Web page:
Yom Kippur made me an atheist. Or at least it confirmed for me that I already was one. By age 10, it was clear to me that the persona of a God that punishes the wicked and rewards the good — and the corresponding High Holiday liturgy — was a false explanation of how the world works.
I knew that a God who rewarded the good and punished the evil was false because I was close to my grandmother, and was aware of the terrible suffering she endured during the Holocaust. There was nothing she could’ve possibly done to deserve the punishment of losing her parents, siblings, and two young children.
I now know that our tradition is full of “answers” to this problem of theodicy. I’m aware of the nuanced debate about reward and punishment that exists over millennia of Jewish thought. Whether the sins of the parents are visited onto the children; whether we lack free will or genuinely choose between right and wrong; whether divine punishment and reward happens in our own lifetimes or in a hereafter; whether it’s individual or collective punishment—fascinating philosophical queries that ultimately have not altered my conclusion from childhood, that it is all backfill for a story that doesn’t hold up.
I am convinced that human misery is not due to humanity’s sins. Our pain and suffering is not fair punishment, to be received as a gift from a supposedly benevolent God who will make it up to us when we’re dead.
But my problem with Yom Kippur isn’t simply about enduring a few squeamish feelings during an otherwise interminable day of prayer. The ideas expressed so clearly in the High Holiday liturgy have real world consequences. The superstitious notion that suffering is divine retribution, which people bring upon themselves through immoral behavior, has been used as an excuse to enslave and brutalize throughout history.
This is not to say that liberal Jews themselves believe in these justifications. Quite the opposite in fact: Liberal Jews scoff when alleged faith leaders (Jewish or Christian) claim hurricanes are God’s punishment for “sins” ranging from not supporting Israel to homosexuality. In other words, though they repeat the verses that make similar claims in synagogue, like me, they do not believe them to be true.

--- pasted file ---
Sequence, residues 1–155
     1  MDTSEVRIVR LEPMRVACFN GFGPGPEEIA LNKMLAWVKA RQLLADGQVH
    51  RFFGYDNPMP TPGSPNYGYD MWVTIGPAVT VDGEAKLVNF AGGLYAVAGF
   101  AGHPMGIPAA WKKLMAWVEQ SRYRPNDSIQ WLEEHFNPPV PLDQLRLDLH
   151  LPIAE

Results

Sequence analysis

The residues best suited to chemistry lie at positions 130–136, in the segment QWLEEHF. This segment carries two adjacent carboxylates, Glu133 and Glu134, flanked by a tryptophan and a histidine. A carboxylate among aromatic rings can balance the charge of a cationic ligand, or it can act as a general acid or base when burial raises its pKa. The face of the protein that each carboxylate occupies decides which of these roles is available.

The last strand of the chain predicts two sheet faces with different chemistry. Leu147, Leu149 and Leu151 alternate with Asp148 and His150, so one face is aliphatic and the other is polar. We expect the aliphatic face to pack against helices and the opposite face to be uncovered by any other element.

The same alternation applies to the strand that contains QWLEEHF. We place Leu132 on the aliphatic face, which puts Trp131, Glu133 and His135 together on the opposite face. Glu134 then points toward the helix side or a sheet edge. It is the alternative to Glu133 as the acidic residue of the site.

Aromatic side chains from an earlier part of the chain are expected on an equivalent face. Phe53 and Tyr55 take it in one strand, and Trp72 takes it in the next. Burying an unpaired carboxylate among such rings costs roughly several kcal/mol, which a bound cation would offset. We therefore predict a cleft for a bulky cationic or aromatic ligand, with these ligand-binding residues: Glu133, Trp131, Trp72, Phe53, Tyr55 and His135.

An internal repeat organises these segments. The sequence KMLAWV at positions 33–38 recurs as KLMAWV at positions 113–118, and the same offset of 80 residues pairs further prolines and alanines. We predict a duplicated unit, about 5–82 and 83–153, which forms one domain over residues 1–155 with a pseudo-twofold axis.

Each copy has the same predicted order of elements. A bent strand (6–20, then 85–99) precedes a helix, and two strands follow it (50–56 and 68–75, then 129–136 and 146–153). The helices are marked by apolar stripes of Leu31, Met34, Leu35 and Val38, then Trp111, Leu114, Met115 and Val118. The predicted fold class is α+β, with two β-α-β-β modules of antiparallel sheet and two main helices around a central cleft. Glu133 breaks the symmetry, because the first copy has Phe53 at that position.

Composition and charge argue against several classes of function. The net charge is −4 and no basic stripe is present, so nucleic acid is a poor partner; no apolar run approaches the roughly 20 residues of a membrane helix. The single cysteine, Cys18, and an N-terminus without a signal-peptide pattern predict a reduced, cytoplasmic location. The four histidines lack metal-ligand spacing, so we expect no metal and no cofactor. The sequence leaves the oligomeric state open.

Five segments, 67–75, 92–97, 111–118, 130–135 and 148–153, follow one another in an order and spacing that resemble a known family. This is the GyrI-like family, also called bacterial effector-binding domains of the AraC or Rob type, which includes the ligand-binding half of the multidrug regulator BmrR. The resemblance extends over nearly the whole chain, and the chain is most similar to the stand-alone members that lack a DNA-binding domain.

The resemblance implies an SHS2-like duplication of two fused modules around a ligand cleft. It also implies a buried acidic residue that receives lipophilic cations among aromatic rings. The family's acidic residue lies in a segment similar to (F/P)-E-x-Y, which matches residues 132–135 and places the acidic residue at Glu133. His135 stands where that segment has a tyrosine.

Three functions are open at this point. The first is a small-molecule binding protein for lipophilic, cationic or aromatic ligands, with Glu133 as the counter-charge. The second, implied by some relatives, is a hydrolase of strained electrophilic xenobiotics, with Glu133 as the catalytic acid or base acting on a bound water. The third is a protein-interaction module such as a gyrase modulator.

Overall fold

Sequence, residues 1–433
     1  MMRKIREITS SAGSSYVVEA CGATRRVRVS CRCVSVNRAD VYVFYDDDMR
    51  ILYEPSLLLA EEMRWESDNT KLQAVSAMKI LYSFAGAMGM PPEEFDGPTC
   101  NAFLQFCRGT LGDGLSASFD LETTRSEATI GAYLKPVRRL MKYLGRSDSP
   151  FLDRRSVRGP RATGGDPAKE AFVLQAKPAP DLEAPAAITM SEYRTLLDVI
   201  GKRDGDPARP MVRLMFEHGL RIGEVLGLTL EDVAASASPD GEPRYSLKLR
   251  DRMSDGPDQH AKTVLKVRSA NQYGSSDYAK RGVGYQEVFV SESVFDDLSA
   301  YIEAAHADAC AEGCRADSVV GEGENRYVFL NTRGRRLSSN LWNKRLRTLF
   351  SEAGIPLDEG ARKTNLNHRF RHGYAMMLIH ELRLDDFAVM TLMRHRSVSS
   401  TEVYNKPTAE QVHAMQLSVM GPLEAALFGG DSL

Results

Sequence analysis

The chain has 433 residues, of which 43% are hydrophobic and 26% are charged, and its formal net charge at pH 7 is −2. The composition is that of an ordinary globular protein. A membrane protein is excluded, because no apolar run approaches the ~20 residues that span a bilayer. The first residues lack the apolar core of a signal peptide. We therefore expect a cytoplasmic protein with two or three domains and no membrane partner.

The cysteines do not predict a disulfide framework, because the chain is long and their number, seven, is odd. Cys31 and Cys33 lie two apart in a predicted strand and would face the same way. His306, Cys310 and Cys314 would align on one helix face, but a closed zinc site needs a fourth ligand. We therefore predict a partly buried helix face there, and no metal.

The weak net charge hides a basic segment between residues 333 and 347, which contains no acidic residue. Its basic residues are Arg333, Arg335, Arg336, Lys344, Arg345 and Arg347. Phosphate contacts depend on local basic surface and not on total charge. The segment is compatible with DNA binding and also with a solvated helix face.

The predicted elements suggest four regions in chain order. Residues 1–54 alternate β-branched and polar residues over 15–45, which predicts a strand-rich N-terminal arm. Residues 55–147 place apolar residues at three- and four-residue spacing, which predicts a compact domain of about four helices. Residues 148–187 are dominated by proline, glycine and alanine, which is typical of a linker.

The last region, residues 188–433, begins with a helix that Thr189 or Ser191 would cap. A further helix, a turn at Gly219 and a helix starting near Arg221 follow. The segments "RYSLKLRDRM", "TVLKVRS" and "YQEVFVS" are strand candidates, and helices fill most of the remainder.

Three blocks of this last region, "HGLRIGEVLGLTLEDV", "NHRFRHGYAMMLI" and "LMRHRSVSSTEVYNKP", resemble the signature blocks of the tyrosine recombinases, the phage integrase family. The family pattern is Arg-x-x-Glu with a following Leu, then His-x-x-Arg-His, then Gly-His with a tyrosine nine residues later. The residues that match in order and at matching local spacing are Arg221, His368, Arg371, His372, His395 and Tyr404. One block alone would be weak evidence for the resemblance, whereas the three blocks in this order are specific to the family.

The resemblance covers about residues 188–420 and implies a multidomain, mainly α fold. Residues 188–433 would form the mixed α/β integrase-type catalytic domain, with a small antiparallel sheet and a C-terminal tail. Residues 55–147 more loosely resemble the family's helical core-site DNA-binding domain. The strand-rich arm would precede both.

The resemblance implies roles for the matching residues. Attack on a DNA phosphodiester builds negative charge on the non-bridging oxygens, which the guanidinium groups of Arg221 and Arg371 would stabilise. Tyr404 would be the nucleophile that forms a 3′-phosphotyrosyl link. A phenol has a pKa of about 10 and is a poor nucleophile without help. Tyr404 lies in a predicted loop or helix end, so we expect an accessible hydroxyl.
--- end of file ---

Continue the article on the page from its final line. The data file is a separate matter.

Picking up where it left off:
The simplistic reward/punishment relationship is obsolete to most Jews’ understanding of the world. Nevertheless, it remains such a powerful feature of the holiday liturgy in most congregations.
That won’t be changing anytime soon. For starters, the folks who are most turned off by this and other untenable aspects of Jewish religion have walked away. At any given time, less than a third of Jewish households are affiliated with a synagogue. Large crowds during the High Holidays may seem like everyone in the Jewish universe is packed into your Temple, but all the services combined likely touch less than half of American Jewry. This widespread disengagement should be registered as a vote against business-as-usual Judaism.
The folks who stick around obviously have the larger say, and they are more likely to believe the story as it’s told. Those who make decisions about liturgy are even more likely to believe. That’s all fine. I’m not the kind of atheist that wants to burst believers’ bubbles. If it provides you with comfort and doesn’t hurt others, by all means pray for eternal reward. You should know, though, that you are in the minority of Jewish belief. The 2013 Pew survey of American Jewry found that 66% of Jews do not believe in God with “absolute certainty,” almost the mirror opposite of the 68% of our fellow Americans who do believe with certainty.